Difficult Airway Management in Pediatric with a Large Cystic Hygroma Colli Undergoing One-Stage Excision Surgery

Mahendratama Purnama Adhi, Hery Poerwosusanta


Background: A large cystic hygroma colli is a complicating factor in airway management in pediatric. Proper preparation, planning, and anticipation can reduce the risk of complications, morbidity, and mortality during difficult airway management. The fundamental principle of difficult airway management is to maintain adequate oxygenation and avoid hypoxemia by maintaining spontaneous ventilation.

Case: A 22-month-old girl, weighing 9 kg, diagnosed with a large cystic hygroma colli who underwent single-stage excision surgery. Cystic hygroma was experienced since birth and with age, the cysts enlarge to a size of 25 x 17 x 12 cm which extends towards the face and shoulders. The patient did not experience stridor and symptoms of airway obstruction. The chest x-ray reveals no expansion of the cyst into the chest cavity and showed minimal tracheal deviation to the right. The difficult airway management was accomplished while maintaining the patient's spontaneous breathing. Sedation and analgesia obtained with intravenous administration of dexmedetomidine, ketamine, and nebulized lidocaine. A video laryngoscope is used to facilitate intubation. Awake extubation was performed after confirming that there was no risk of complications of laryngeal edema, laryngeal nerve injury, and tracheomalacia using a cuff-leak test.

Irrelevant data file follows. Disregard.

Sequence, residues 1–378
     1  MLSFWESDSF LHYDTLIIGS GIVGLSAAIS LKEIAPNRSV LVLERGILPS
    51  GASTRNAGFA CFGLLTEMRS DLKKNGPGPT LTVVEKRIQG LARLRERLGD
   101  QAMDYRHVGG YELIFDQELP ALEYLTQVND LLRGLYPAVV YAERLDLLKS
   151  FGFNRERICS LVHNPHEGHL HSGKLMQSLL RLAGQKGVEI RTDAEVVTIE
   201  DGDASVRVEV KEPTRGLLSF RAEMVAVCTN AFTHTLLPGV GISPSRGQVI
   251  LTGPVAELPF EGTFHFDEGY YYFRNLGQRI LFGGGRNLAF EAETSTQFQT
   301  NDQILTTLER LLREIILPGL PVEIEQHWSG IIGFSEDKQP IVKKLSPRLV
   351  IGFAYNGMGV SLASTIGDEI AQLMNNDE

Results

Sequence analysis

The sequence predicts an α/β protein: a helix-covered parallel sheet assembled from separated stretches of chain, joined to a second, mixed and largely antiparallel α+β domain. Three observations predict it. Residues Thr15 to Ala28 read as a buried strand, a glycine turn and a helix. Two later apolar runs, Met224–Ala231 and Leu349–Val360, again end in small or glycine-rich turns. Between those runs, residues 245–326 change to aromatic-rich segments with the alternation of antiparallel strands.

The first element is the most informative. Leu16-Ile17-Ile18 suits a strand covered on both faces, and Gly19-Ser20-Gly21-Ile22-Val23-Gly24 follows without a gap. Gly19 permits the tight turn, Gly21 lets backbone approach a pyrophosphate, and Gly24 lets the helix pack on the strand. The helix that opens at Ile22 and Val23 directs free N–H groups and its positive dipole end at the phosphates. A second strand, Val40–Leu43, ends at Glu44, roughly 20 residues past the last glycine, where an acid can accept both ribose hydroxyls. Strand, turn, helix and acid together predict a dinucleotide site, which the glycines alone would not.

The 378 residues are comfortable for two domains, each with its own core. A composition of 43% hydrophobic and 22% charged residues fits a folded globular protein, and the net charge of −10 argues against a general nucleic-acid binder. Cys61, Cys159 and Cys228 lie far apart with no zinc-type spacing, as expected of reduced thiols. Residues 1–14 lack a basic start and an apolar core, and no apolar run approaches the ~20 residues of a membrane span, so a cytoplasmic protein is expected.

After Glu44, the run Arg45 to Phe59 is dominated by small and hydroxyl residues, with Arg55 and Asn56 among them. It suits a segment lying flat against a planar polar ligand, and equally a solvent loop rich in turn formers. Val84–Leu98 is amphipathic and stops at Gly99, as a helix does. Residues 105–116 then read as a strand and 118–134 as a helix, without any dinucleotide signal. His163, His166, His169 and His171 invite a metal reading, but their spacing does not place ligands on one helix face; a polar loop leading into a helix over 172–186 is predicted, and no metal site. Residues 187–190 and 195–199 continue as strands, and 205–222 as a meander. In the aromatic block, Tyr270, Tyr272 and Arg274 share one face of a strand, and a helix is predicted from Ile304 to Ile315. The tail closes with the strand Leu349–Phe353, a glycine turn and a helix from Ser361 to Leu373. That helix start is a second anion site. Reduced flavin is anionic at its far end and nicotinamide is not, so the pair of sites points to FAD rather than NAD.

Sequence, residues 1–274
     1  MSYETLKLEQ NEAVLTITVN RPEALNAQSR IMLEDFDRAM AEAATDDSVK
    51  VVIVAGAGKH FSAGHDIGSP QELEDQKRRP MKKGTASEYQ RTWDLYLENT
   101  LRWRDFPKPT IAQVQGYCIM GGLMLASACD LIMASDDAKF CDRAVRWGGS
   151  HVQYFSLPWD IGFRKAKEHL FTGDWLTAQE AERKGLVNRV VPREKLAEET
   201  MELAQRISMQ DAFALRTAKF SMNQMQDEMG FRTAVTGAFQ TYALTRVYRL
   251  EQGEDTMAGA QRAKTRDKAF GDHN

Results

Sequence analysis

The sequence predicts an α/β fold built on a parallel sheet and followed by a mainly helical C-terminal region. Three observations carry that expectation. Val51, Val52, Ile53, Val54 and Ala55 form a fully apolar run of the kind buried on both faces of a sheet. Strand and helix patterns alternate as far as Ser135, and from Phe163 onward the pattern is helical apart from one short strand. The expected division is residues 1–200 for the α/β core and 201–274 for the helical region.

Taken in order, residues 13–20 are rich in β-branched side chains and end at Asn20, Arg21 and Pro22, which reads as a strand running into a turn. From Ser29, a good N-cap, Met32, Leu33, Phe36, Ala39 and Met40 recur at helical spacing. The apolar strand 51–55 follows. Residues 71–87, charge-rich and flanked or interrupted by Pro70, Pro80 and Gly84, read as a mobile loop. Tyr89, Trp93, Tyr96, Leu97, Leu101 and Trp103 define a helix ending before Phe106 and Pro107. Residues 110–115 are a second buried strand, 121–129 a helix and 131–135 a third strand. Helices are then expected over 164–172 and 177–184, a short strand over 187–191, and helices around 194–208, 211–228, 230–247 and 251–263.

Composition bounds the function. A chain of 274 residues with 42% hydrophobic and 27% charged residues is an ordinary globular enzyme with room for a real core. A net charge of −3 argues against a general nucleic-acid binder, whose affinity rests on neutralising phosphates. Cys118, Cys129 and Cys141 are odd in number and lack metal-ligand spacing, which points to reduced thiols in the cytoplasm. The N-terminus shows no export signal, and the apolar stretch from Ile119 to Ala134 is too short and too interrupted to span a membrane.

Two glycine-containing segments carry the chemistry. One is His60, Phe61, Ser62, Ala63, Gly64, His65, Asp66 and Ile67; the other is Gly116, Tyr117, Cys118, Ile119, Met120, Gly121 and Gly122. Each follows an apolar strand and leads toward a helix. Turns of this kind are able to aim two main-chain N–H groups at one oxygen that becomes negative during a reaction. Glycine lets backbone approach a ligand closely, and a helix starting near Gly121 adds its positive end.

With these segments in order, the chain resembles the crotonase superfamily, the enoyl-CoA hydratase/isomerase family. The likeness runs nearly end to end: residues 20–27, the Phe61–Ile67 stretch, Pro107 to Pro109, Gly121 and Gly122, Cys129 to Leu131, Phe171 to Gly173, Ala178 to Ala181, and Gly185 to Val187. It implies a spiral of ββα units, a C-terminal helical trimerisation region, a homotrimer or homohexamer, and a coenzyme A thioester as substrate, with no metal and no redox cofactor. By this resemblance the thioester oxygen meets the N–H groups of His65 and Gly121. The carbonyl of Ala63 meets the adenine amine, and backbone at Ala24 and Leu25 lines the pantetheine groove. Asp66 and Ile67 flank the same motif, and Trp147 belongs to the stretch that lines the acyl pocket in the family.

Conclusion: Maintaining spontaneous breathing, optimal levels of sedation and analgesia by administering dexmedetomidine, ketamine, and nebulizing lidocaine, and the use of a video laryngoscope can provide successful management of difficult airways due to a large cystic hygroma colli in pediatric patients.


difficult airway management; pediatric; cystic hygroma colli; dexmedetomidine; ketamine.

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DOI: http://dx.doi.org/10.21776/ub.jap.2021.002.03.01


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